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Sunday, May 4, 2008

Book Review: Lethem's "You Don't Love Me Yet" Inspires Like...Not Love

Book Review by Noah Mallin

"You can't be deep without a surface" is uttered by two characters in Jonathan Lethem's latest novel, You Don't Love Me Yet and this slogan is as apt a motto for the book as any. I might as well say that this engaging breeze of a read is a disappointment after the lofty heights of his magical realist Brooklyn opus Fortress of Solitude and it's noir predecessor Motherless Brooklyn. Unlike the aforementioned, Lethem gets the surfaces all right but the depths remain resolutely unexplored.

The novel traces the horned-up path of bassist Lucinda Hoekke and her nameless band through L.A.'s bohemian latticework (a brave locale for a New York oriented writer). Hoekke answers phones for a "complaint line" masterminded by her artist ex, becoming obsessed with one caller in particular she calls "The Complainer." Some of his more interesting musings become grist for her band's songwriting mill, finally giving them the focus to write really great tunes. The problem is that The Complainer finds his way into both Lucinda and her band, complicating everything.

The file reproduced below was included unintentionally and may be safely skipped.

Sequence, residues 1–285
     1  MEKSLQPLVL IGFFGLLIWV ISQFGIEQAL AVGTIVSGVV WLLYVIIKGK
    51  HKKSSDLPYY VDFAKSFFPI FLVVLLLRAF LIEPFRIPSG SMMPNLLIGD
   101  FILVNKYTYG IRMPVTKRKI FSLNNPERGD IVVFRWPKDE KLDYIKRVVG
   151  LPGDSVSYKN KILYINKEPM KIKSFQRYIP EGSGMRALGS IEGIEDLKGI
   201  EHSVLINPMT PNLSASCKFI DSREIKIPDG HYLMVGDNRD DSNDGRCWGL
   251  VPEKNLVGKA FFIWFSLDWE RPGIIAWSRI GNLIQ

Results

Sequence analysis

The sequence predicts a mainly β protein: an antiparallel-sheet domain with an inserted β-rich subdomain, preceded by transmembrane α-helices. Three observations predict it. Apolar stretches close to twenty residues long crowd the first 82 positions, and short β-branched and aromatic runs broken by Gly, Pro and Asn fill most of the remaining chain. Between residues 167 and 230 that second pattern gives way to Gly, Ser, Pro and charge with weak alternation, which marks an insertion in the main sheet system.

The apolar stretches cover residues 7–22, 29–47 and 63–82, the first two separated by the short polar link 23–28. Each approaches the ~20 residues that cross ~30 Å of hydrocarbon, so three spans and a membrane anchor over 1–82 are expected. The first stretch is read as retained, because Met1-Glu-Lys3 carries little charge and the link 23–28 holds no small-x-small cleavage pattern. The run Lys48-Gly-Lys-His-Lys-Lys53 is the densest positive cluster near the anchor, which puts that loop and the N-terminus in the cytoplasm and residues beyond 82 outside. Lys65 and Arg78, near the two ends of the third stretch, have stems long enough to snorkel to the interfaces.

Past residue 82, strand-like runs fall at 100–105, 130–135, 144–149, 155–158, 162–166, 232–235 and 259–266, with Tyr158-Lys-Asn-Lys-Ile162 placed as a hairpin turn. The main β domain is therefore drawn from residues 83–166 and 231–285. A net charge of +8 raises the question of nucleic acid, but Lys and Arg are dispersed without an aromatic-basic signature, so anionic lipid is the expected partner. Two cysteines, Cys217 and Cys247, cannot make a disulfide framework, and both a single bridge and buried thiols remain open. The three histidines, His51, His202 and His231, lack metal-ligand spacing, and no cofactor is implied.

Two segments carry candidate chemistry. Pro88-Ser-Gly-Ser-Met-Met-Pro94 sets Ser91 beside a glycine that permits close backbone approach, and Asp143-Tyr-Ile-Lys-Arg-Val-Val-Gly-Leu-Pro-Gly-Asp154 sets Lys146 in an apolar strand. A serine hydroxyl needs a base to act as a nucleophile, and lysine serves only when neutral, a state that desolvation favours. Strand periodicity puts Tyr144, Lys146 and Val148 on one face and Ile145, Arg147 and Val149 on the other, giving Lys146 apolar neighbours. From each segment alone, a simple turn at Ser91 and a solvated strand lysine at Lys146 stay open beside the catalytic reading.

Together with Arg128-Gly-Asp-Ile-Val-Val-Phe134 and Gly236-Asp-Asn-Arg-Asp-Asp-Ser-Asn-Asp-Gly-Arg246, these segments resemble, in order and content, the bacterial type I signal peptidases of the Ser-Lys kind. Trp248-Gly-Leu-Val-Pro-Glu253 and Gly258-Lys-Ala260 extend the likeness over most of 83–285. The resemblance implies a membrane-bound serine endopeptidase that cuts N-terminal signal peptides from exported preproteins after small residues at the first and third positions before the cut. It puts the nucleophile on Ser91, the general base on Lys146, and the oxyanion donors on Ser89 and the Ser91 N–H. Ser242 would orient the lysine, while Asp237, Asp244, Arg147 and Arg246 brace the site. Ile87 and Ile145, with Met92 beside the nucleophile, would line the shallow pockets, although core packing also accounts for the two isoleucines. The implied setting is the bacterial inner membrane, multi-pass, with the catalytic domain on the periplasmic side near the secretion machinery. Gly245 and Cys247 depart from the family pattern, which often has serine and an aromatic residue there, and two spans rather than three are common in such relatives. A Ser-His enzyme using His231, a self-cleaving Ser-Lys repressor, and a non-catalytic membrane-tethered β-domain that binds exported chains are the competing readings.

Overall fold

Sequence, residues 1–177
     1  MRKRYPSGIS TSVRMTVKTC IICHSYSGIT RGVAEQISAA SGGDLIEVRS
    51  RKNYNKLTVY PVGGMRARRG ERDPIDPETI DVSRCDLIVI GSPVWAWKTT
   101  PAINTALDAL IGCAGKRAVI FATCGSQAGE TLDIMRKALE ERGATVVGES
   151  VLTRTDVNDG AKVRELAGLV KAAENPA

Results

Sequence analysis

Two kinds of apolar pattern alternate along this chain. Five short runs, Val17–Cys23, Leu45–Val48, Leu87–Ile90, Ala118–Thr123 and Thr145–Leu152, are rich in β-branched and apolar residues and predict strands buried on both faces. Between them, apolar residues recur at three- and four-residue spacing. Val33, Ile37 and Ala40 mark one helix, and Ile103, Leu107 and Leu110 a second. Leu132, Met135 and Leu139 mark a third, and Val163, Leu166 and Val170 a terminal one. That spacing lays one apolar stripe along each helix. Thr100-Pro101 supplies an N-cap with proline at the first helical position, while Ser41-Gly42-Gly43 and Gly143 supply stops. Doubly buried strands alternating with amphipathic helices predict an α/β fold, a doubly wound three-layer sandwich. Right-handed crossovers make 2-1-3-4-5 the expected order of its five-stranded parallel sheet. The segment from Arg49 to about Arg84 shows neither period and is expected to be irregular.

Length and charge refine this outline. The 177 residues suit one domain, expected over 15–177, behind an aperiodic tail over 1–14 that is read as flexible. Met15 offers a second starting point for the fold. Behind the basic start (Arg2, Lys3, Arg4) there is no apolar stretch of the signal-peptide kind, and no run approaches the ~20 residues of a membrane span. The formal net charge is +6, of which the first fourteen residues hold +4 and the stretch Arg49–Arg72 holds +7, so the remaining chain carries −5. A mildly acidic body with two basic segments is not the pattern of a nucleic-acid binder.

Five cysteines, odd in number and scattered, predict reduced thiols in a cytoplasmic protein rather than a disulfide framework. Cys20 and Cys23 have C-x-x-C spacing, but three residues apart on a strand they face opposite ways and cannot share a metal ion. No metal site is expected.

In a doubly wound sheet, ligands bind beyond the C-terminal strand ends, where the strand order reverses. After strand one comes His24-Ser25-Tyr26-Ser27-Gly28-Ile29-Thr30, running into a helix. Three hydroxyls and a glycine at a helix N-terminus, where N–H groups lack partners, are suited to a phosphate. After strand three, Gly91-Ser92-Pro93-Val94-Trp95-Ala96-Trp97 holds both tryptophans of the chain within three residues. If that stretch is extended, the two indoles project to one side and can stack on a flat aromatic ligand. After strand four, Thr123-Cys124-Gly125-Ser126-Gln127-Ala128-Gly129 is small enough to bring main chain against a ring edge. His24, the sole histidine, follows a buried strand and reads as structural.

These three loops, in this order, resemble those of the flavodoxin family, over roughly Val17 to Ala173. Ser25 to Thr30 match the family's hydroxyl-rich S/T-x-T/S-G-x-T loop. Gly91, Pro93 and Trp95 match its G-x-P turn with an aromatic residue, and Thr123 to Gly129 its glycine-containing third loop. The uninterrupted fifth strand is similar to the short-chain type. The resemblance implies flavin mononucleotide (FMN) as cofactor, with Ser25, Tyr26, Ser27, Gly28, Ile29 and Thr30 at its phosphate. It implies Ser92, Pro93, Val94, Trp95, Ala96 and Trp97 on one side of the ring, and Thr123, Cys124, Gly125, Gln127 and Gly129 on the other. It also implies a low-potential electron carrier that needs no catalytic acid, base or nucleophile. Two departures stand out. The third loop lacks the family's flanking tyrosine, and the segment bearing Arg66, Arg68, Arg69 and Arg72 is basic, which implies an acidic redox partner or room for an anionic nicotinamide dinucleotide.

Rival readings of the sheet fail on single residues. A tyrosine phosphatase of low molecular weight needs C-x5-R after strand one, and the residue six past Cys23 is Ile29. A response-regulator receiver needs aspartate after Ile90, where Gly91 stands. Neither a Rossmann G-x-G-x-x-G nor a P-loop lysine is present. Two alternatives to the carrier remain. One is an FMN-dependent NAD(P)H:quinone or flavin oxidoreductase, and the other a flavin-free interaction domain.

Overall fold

Issues of creativity and authorship are raised, only to slide across the slippery surface and drop off the edge. Lucinda barely gets past one dimension and The Complainer seems to be more an idea than a rounded character. Things happen, there are some funny scenes and clever conceits, but little of it adds up to much at all. He's on his firmest ground when his characters discuss theories of film and music but when it comes to the deeper issues of what makes them tick and why he comes up resolutely empty.

There is the shell of what could have been another fantastic Lethem opus here. As it is You Don't Love Me Yet (titled after a great Roky Erickson and a Vulgar Boatmen song -- the man does know his music) feels rushed, like a draft. As easy to skate on as the surface is, alluding to depths is not the same as actually having them.

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